Education is increasingly requisite for students preparing to participate in an ever-changing, increasingly global economy, but it is not only students doing homework and studying the marketplace. Postsecondary educational institutions operate in a competitive environment that necessitates astute observation of market demands, innovative programming for changing student populations and a nimble operating system.
Kentucky colleges and universities have created scores of new degree and certificate programs the past several years, many of those in healthcare and technical fields where the workforce requires increasing skill levels.
The Kentucky Council on Postsecondary Education (CPE) licenses some 89 institutions, comprising public and private organizations. In the past five years, CPE has approved 150 new programs – and that is among only the 24 public-sector schools within CPE purview.
Enrollment numbers have also steadily grown over the past 10 years.
Independent colleges and universities likewise have demonstrated notable growth in new programming, degrees awarded and enrollment, according to the Association of Independent Kentucky Colleges and Universities (AIKCU).
Additionally, the 52 for-profit or career colleges in Kentucky are part of the mix, providing education to 32,000 students, according to the Kentucky Association of Career College Schools (KACCS) and the Integrated Postsecondary Education Data System (IPEDS).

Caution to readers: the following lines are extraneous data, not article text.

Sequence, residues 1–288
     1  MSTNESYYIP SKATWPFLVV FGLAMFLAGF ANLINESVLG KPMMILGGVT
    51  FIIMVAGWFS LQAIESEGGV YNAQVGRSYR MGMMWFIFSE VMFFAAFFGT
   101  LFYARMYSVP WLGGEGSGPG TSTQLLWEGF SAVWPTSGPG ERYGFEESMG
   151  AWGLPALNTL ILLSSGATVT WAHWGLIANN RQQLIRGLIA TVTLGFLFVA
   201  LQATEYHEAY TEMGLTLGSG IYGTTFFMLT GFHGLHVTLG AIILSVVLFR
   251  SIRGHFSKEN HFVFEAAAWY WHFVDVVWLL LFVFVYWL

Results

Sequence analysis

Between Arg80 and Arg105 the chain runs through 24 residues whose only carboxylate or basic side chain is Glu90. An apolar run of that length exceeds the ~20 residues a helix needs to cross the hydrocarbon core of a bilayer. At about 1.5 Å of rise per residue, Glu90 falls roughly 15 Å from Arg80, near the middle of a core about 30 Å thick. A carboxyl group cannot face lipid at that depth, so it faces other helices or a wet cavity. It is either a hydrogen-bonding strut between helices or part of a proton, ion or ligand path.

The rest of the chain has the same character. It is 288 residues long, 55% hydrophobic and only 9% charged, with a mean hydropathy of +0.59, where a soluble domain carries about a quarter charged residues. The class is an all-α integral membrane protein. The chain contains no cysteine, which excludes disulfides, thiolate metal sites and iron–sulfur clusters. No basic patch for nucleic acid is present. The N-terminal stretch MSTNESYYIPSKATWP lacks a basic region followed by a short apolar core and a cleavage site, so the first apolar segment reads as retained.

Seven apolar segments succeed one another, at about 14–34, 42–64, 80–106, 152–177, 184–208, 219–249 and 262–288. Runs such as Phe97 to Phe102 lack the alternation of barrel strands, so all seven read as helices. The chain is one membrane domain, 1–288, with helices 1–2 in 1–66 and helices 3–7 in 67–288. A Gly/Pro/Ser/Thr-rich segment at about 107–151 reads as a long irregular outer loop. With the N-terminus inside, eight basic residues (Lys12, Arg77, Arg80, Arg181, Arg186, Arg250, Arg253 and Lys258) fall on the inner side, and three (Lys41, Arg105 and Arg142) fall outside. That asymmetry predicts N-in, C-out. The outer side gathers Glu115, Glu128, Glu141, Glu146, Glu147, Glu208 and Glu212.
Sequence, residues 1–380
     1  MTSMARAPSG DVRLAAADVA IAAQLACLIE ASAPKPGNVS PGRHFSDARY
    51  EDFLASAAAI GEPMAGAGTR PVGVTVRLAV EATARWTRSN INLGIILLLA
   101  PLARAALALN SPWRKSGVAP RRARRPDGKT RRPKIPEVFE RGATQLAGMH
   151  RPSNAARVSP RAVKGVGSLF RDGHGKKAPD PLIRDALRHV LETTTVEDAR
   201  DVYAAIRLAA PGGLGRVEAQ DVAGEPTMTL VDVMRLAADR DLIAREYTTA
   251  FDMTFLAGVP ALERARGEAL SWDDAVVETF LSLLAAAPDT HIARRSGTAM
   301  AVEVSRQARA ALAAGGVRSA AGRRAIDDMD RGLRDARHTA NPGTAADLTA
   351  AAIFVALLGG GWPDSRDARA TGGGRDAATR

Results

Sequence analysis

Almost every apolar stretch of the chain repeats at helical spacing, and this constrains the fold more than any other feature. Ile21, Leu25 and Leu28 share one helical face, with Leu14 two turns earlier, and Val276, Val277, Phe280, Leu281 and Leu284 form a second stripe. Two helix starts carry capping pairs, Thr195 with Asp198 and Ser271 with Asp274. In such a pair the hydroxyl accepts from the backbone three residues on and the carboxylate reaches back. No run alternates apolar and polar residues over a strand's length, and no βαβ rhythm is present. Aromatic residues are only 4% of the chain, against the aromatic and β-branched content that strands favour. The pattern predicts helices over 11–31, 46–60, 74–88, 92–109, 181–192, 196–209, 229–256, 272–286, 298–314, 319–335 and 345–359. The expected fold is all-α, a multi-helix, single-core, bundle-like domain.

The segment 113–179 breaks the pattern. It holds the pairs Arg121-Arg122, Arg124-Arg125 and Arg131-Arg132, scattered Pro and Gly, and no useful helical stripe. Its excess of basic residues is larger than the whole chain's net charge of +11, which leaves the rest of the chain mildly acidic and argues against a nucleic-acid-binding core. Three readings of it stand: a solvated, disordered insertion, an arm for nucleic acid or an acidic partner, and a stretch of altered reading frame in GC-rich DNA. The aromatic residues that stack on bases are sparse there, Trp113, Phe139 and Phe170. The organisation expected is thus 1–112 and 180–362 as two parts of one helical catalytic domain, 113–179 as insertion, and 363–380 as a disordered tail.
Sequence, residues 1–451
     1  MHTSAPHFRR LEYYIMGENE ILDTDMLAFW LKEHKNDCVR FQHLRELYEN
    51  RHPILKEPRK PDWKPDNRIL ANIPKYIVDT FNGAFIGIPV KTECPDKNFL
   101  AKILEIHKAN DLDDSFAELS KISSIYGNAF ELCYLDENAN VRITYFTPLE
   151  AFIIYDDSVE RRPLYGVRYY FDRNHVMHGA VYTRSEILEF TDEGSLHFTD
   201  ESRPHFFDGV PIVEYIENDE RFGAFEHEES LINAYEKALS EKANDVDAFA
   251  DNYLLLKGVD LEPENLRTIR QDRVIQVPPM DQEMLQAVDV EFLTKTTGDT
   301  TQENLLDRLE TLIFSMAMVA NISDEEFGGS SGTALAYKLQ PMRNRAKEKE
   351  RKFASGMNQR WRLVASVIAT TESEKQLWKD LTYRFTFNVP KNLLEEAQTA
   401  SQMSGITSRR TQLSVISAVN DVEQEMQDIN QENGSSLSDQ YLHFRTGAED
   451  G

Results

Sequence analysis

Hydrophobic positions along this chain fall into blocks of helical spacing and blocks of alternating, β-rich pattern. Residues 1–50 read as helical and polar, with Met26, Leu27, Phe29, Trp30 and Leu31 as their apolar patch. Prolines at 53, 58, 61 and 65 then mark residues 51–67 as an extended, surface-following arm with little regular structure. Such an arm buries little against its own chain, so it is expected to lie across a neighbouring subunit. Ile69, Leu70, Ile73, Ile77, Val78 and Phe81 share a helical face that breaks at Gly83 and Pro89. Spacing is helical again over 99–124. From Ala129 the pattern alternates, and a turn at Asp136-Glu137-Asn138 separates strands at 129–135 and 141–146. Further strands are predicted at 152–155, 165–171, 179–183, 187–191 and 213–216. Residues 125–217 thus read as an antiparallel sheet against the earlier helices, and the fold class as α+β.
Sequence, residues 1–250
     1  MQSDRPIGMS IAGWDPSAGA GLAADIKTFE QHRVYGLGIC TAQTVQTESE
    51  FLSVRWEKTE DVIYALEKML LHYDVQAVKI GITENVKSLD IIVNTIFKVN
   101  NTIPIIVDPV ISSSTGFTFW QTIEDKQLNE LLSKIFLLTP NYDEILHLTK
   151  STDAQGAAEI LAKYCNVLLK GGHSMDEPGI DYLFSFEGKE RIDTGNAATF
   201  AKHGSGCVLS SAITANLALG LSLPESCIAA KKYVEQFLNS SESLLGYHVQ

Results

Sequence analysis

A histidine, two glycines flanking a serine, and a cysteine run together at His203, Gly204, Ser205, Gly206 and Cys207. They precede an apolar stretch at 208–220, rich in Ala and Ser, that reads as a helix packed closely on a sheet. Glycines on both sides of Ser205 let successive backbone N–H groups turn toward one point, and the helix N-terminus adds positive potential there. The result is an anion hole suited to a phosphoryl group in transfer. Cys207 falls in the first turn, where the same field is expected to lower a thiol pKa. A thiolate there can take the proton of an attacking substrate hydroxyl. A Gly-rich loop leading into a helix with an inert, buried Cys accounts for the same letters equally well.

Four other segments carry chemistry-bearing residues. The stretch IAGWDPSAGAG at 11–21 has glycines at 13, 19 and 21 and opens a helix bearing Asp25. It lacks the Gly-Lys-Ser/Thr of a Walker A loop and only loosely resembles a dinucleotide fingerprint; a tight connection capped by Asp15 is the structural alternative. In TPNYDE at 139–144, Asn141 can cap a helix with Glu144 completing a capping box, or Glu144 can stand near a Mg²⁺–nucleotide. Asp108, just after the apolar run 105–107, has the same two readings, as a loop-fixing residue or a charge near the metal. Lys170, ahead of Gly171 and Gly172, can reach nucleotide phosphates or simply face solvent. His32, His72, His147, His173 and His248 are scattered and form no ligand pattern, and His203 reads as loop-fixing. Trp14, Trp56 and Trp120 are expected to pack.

Kentucky mirrors national trends, according to CPE data, in the demand for programs in health-related and STEM-related (science, technology, engineering and mathematics) fields. Health-related programs dominated the new-degree list on all levels – from associate degrees offered at Kentucky Community and Technical College System (KCTCS) institutions, to new post-baccalaureate pre-med and residency programs at University of Louisville, to a master’s and Ph.D. in reproductive science at University of Kentucky. Though less prominent, STEM-related programming was notable within this list and may in fact be a reflection of things to come, particularly considering a recent gift of $1 million to the University of Kentucky from Lexmark to support STEM education.